A lot of patterns in biology are the sort of obvious visual ones that everybody can appreciate. To start to quantify it takes a bit of processing. Since however the patterns are often spatial, a lot of tools have been developed to analyse these. Additionally optical microscopy has a long and glorious history in biology. So ImageJ has become for modern biologists, what the Sambrook et al Molecular Cloning manual was for the molecular biologists.
With the aim of segmenting some slightly complicated radial data, I decided the existing algorithms and tools were not sufficient. So instead of doing it the easy way- using MATLAB's ImageProcessing toolbox, I decided to go the open-source way. And its in Java and nobody who wants to try using my tool needs anything more than an internet connection and a machine capable of running imageJ.
Since I have found programming, particularly in Java using Eclipse to be such a pleasure I decided to go that way. A nice little introduction to how to configure and ImageJ plugin project in Eclipse (introduction to Eclipse elsewhere) was available, I have summarised the settings as briefly as possible:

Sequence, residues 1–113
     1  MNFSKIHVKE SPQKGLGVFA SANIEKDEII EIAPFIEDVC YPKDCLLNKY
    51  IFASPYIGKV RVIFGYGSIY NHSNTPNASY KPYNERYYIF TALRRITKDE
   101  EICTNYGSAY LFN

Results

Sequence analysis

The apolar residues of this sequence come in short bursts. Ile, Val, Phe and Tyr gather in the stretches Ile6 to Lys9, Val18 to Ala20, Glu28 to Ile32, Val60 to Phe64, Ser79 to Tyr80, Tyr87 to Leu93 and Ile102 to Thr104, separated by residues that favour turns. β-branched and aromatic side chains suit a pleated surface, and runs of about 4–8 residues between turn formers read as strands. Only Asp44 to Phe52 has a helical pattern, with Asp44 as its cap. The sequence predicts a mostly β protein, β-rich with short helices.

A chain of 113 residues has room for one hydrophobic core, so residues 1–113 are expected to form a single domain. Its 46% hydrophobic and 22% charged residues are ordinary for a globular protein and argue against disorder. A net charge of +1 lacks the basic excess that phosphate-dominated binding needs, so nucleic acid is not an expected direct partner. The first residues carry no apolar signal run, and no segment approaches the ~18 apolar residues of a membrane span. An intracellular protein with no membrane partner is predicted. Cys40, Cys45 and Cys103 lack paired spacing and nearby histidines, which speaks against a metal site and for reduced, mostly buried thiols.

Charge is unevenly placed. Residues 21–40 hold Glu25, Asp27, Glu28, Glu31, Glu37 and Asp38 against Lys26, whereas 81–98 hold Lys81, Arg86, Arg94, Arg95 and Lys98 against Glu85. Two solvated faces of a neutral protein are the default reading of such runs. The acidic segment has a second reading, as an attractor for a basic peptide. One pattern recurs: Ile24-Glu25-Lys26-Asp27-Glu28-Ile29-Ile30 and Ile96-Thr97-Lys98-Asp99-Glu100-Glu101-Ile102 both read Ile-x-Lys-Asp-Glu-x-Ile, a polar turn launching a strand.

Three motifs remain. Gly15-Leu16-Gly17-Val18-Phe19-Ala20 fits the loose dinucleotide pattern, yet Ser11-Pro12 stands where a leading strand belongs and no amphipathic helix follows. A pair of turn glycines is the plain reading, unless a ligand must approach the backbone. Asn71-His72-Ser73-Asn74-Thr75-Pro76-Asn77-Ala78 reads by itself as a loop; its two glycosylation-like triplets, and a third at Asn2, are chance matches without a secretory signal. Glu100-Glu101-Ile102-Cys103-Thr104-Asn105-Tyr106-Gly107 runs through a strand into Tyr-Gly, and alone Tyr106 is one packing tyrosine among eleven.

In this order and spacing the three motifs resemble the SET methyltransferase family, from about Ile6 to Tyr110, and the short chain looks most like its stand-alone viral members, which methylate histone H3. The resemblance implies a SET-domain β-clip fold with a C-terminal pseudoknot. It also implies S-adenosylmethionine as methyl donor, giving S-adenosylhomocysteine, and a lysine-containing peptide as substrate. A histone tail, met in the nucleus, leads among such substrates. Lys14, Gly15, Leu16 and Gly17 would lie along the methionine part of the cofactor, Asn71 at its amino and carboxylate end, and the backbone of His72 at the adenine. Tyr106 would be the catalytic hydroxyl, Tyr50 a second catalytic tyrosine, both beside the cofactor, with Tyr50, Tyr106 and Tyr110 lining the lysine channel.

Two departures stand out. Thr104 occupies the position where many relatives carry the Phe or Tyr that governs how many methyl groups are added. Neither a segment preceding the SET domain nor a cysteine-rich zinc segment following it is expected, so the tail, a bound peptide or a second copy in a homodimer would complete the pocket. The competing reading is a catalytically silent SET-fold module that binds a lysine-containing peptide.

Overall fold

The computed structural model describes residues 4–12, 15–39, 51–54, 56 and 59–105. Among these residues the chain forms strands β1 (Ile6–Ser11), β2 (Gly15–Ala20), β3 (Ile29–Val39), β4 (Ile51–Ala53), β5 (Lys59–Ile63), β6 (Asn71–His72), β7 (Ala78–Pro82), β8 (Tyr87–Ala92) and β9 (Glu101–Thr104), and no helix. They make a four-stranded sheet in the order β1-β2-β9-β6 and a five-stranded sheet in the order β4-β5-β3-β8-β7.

1. When creating File->New->Java Project, click 'Make separate source and output folders'.
2. Rename the output folder 'plugins'
3. Put source files or make new ones in the src folder.
4. Create a new folder 'Externals' for external Jars that you would need (like JAMA- numerical package for matrices).
5. Copy ij.jar (the imageJ jar file) into the topmost layer of the project heirarchy.
6. Click on the project in the Eclipse window, then go to Project->Properties->Java Build Path->Libraries->Add External Jars and add those jars needed (ij.jar is a MUST, all others optional- depending on the plugin).
7. If a simple plugin is written in the src folder, run using the Run->Open Run Dialog
Main class: ij.ImageJ
And then RUN!